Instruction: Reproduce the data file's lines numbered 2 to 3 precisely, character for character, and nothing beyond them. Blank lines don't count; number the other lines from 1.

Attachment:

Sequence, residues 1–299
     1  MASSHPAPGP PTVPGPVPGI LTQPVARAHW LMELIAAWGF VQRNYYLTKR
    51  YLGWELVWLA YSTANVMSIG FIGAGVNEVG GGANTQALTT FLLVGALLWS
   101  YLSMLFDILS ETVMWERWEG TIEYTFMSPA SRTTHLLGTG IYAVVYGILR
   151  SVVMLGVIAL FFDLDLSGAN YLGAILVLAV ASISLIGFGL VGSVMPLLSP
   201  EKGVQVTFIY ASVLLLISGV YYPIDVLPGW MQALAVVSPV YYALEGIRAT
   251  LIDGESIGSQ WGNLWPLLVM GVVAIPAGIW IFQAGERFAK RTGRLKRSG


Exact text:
     1  MASSHPAPGP PTVPGPVPGI LTQPVARAHW LMELIAAWGF VQRNYYLTKR
    51  YLGWELVWLA YSTANVMSIG FIGAGVNEVG GGANTQALTT FLLVGALLWS